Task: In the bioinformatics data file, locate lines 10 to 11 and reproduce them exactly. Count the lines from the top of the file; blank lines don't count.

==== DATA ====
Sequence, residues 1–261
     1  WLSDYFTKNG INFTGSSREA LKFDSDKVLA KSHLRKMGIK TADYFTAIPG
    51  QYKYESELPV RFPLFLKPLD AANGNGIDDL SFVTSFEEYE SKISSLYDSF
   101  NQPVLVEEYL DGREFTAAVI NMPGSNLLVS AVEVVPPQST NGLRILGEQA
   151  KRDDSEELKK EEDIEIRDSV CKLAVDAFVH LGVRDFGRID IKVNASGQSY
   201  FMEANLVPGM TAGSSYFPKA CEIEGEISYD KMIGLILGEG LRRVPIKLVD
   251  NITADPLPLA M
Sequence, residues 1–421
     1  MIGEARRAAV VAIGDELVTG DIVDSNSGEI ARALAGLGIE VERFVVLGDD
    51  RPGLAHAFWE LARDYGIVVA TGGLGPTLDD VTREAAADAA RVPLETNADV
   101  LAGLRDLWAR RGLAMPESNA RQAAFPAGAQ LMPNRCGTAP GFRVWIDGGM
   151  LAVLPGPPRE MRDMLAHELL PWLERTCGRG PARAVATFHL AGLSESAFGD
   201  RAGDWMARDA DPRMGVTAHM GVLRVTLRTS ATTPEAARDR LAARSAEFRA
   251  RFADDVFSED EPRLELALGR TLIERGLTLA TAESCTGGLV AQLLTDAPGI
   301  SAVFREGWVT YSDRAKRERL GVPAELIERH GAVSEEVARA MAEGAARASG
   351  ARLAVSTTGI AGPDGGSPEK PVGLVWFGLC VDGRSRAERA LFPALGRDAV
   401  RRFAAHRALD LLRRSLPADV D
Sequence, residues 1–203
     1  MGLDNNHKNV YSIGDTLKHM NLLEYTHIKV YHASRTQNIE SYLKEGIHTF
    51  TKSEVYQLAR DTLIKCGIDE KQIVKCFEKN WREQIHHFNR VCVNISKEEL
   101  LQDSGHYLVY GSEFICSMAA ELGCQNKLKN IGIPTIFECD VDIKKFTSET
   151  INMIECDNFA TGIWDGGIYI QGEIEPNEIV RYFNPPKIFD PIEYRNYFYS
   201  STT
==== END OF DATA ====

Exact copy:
    51  RPGLAHAFWE LARDYGIVVA TGGLGPTLDD VTREAAADAA RVPLETNADV
   101  LAGLRDLWAR RGLAMPESNA RQAAFPAGAQ LMPNRCGTAP GFRVWIDGGM